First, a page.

Shepherd Neame

Shepherd Neame is Britain's oldest brewer - and while 1698 is the Brewery's official founding date, there is clear evidence that its heritage pre-dates even this period.

Records show that in 1525, William Castlock, the brother of the last abbot of Faversham, was exporting and importing beer.It was an association with beer that the Castlocks maintained and by 1550 John Castlock, his son, was leasing the abbey brewhouse.By 1570, he was the owner of 18 Court Street, where brewing has continued ever since. John Castlock's son died in 1614 and, in 1648, his grandson was barred from brewing in the town by the Parliamentarian Faversham Corporation, which may explain why in 1653 the brewery passed to Thomas Hilton.

It was in 1678 that an important figure entered the brewery’s story when Richard Marsh leased it from Hilton's executors. Marsh, in his capacity as mayor, held King James II as a prisoner after he ran aground off Faversham while attempting to flee to France to avoid William of Orange and his threatening Dutch army during the Glorious Revolution of 1688. The monarch was confined at the brewery. In 1698 Marsh bought the brewery from the executors of Thomas Hilton, thereby signalling the official start of the brewery's history. He died in 1726 and the brewery passed to his second son, also called Richard, who died only a year later. His widow, Mary, married a Mr Hilles Hobday, who died in 1731. By this time the brewery owned two Faversham pubs, The Castle and The Three Tuns. The latter is still part of the brewery's pub estate.

Samuel Shepherd married Mary in 1732 and promptly took over the running of the brewery, introducing an era of growth. Shepherd led an important development for the brewery which was the acquisition of 21 pubs, five of which remain with Shepherd Neame. In 1755 Samuel retired to his Great Mongeham farm, near Deal, leaving the business in the hands of his sons, John and Julius. In 1777 John withdrew from the business leaving Julius as the sole owner. He in turn took two of his sons, Samuel and Henry, into the partnership. Julius demonstrated the same entrepreneurial flair of his father when he bought the brewery's first Sun and Planet steam engine in 1789, the work of Birmingham engineers and steam engine pioneers Boulton & Watt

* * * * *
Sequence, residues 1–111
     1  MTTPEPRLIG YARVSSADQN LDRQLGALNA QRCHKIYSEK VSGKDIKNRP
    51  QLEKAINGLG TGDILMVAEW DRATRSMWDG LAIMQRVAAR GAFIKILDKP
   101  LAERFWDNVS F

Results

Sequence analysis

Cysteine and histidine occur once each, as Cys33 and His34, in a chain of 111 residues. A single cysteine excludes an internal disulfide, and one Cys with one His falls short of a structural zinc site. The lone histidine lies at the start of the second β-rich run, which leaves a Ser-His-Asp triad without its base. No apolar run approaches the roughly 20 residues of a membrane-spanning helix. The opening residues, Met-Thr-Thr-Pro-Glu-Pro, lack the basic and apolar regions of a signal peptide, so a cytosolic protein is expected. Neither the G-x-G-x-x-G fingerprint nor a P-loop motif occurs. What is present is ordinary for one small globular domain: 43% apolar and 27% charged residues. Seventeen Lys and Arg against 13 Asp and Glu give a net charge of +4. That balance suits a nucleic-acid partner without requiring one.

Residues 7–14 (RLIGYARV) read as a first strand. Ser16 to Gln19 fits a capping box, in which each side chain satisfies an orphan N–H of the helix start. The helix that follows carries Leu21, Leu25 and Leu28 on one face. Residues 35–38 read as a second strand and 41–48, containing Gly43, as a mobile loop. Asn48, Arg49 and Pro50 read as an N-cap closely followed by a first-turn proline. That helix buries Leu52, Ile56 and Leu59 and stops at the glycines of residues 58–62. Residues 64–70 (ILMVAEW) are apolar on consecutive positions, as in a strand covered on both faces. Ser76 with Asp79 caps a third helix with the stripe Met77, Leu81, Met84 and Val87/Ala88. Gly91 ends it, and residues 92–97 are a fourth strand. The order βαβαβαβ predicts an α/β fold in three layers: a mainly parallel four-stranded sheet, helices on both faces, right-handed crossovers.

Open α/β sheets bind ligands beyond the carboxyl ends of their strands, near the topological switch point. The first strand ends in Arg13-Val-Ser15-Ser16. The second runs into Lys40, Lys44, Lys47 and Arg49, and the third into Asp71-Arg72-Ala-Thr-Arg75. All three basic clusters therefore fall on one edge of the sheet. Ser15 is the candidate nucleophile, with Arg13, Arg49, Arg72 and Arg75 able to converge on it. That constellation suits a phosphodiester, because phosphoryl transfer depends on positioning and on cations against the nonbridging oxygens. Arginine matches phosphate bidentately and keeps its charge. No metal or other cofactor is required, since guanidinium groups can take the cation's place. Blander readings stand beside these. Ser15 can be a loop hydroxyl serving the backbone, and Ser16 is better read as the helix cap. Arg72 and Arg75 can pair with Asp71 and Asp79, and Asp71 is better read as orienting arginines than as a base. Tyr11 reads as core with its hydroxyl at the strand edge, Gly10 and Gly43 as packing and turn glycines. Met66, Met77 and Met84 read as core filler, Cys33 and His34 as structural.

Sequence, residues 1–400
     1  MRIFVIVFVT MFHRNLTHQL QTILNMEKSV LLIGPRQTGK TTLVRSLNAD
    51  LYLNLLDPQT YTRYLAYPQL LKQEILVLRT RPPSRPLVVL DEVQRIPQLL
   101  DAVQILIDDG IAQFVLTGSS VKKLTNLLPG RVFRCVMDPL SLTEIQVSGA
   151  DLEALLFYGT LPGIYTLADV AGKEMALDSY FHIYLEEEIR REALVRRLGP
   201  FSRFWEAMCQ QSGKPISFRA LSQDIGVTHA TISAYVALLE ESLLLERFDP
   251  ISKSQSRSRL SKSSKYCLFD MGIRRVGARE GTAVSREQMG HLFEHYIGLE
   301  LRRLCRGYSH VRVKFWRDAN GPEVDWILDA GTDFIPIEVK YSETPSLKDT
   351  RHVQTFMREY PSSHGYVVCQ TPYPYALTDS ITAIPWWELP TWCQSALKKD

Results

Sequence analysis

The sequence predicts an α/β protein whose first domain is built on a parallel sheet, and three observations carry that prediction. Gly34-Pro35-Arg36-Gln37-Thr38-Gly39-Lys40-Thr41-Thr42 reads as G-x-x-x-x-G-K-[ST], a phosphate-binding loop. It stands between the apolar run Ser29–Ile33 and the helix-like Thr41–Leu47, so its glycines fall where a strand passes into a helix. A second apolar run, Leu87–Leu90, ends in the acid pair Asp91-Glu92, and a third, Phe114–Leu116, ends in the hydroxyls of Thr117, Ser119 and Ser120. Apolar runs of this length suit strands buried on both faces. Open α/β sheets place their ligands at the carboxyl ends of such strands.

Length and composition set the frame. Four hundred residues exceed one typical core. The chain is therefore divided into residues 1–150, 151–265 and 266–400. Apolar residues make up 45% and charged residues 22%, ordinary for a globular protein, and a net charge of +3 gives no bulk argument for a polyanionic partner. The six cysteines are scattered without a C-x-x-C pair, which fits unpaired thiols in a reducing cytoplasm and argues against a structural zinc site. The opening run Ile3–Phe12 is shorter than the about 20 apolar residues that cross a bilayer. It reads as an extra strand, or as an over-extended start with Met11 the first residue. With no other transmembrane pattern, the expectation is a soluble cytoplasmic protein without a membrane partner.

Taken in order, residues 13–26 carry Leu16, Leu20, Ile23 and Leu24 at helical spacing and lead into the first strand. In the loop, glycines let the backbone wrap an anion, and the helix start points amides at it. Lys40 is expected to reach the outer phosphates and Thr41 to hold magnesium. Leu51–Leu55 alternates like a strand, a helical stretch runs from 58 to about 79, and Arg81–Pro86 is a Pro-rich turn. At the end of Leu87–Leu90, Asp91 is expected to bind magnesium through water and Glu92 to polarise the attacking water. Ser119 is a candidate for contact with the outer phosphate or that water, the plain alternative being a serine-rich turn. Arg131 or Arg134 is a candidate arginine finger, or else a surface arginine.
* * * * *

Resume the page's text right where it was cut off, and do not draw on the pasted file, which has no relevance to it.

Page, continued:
Julius was succeeded by his son Henry in 1819. After 25 years with one man at the helm the brewery came under new leadership when Henry retired. It passed initially to Henry Jr and his son-in-law, Charles Jones Hilton, but Hilton withdrew only four years later and Henry Jr took on John Henry Mares as his partner. In October 1864 Percy Beale Neame, a 28-year-old hop farmer and brother-in-law of John Mares, joined the firm as a partner, only two months before Mares' death. Shepherd Neame & Company was born. In 1864 an important phase of development got under way with the building of a new brewhouse and stores and 10 years later the pubs estate had grown to nearly 100. Henry Jr died in 1875, leaving Percy Neame the sole proprietor. He was joined by his sons, Harry, Arthur and Alick about 20 years later.

In 1958 Shepherd Neame produced one of its most distinctive beers, Bishop's Finger. The strong, typically Kentish ale was named, according to folklore, after a signpost that pointed the way to Thomas Becket's tomb. Upon Jasper's death in 1961, aged 56, Laurie became the sole MD.

In 1968 Shepherd Neame demonstrated the innovation for which it has become renowned when it became the first regional brewer of lager in the UK when it started brewing Hürlimann, eventually coming to own the popular brand. Laurie died in 1970 and Bobby became chairman, a position he held for 35 years. By the end of the decade the brewery had acquired 65 pubs in total and Bobby reported an eight-fold increase in profits. In 1990 Shepherd Neame produced Spitfire to commemorate the 50th anniversary of the Battle of Britain. Much like its aerial namesake, Spitfire took off thanks, in part, to its cheeky Dads Army-style humour.

Today Shepherd Neame are still producing and sellinig a wide array of ales, beers and bitters.